Week one, Monday. (Although as one of the kids points out: “it doesn’t really matter any more, they’re all just days”.) The internet is overflowing with activities. I have spent the weekend scrolling through online art classes, sing-a-longs, free gigs from international pop stars, famous actors reading stories.
I don’t want to do any of them. It is all so well-meaning but feels unseemly, somehow, like going for someone’s job before their funeral. I’m not ready to start pretending I know what to do next. Other parents keep posting colour-coded timetables. I swear to myself that whatever we do for the coming months is not going to involve colour coding; I don’t want our home to become an institution.
There’s only one thing I want to do, and that is to be outside. Perhaps it’s the looming threat of actual, house-bound lockdown (which is, in fact, announced later that evening), but I need to feel free. As a parent there is nothing I fear more than being stuck indoors, walls closing in around me. That’s how I felt when Moe was tiny and Larry was a toddler and we still lived in London, when the clouds gathered in my brain, blocking out every chink of light. The thought of going back to that dark, shut-in place scares me more than anything, so right now I need air and space and green.
There is a spot just a short drive up the road where I know nobody will be. My sons and I pile into the van, and pile out in a wide empty field bordered by woodland. This is a special place we come to at weekends sometimes, to make fires and dens. We always feel good here, and it’s particularly glorious today. The woods are carpeted with delicate white anemones, and the trees are still bare but with that tantalising hint of green, leaf-buds about to burst. It’s clear and sunny, with a biting chill in the shade.
The boys set up the stumps for their everlasting cricket match, and I lie on my back and look up at the sky. I’m nursing a hollow feeling, the aftermath of wave after wave of loss hitting me last night. There seemed to be no end to the no-mores: no cuppas with friends; no time to work; no holidays, no day trips; no hugs with Mum, or visits to my sister, my nephew and niece. It’s unimaginable, but I don’t have to imagine: it’s here. This is it, now. We are on our own. I think about Mum, who is self-isolating in her flat just a few miles away. I have been trying to be supportive, but it’s not easy. She has been taking her stress out on me, and I currently can’t bear that extra weight. My kids’ worlds have fallen apart overnight, and they need all my energy.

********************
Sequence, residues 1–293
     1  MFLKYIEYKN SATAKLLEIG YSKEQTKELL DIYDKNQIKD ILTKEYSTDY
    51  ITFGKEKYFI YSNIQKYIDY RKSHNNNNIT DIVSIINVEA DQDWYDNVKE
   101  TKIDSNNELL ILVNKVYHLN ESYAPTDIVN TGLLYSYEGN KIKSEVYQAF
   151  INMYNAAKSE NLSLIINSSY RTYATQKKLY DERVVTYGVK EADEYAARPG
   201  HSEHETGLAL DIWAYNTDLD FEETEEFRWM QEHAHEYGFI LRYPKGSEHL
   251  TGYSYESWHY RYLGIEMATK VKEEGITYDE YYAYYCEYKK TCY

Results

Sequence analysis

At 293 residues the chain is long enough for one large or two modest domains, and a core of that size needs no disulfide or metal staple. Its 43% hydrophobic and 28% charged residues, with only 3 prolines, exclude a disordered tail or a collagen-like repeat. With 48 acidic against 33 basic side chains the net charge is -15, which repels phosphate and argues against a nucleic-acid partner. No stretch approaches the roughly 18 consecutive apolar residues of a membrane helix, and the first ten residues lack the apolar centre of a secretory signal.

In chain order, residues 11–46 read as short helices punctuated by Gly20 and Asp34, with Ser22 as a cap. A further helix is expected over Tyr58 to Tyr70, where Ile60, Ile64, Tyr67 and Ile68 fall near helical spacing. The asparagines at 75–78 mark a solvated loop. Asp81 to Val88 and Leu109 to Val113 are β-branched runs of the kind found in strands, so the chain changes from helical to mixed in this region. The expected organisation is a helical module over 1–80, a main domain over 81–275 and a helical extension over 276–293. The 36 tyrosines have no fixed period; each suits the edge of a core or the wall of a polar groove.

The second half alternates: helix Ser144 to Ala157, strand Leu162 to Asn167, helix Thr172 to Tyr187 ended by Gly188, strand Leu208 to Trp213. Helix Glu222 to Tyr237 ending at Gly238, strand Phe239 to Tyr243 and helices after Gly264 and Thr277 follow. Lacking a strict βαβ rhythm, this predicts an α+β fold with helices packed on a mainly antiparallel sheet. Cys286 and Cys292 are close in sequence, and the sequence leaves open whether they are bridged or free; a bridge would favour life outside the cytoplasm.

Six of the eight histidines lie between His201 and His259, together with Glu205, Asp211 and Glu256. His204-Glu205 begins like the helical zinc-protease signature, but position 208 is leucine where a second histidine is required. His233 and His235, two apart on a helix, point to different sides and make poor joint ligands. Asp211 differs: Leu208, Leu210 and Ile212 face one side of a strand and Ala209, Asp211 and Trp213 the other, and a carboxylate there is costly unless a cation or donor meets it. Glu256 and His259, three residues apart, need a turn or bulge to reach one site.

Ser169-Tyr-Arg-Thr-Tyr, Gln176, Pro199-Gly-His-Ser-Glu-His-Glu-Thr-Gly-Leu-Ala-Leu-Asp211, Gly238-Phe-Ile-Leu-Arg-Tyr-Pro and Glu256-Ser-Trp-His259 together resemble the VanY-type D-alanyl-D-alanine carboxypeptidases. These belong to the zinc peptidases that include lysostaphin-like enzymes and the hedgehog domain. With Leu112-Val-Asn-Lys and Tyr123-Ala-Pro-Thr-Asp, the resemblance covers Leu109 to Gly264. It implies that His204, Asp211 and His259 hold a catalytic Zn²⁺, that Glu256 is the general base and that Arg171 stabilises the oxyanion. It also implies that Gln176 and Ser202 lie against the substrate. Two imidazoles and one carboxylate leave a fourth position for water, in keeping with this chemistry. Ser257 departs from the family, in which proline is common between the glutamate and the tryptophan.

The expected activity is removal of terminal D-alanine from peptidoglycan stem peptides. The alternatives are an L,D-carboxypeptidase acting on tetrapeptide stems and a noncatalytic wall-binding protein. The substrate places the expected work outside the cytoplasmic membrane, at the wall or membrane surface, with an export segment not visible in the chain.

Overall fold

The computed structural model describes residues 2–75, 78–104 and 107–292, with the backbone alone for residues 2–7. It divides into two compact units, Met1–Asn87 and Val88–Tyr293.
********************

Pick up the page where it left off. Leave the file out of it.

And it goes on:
But the blue spring sky is big enough to absorb all this, and more. I can feel it holding me, holding all of us. We are so incredibly lucky. We are healthy, at least for now. We have a place to live. Husband and I both still have some income. We are all four together, and all we have to do now is take care of each other, one day, one minute, one second at a time.
The boys and I collect wood. We make a special, solemn fire, carefully sawing the sticks and stacking them in layers. I give them both pieces of paper and suggest that they write down a few of the things they are going to miss, some people they want to send love to, and any ideas they have for how they’d like to spend this special, different time. We light the fire and watch the flames spread.
Larry reads out his papers: “I’m going to miss Belgian chips. And my friends. And Granny. I’m looking forward to maxing and relaxing.”
Moe is going to miss Granny, too. He’s going to miss his school friends, and he wants to spend more time playing games on the internet (that is one wish I’m pretty certain will come true).
We put our papers into the fire, and watch them shrivel to ash and fly up in smoke. That’s how solid our precious plans were anyway, even if we told ourselves otherwise. The flames take it all, and by the time they die down, I’m ready for tomorrow. l
This article appears in the 24 Mar 2021 issue of the New Statesman, Spring special